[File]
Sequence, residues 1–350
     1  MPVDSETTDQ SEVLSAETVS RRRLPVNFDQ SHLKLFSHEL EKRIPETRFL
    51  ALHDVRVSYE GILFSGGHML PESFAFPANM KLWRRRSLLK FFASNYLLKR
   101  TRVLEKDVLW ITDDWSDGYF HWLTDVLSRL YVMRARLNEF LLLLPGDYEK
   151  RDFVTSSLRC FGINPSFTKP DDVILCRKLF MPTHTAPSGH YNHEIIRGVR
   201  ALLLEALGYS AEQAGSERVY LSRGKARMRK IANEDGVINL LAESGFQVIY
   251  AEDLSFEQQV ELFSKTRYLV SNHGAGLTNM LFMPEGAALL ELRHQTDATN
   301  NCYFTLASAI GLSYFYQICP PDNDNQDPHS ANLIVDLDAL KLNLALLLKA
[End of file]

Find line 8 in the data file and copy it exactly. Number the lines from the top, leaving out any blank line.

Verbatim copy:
   301  NCYFTLASAI GLSYFYQICP PDNDNQDPHS ANLIVDLDAL KLNLALLLKA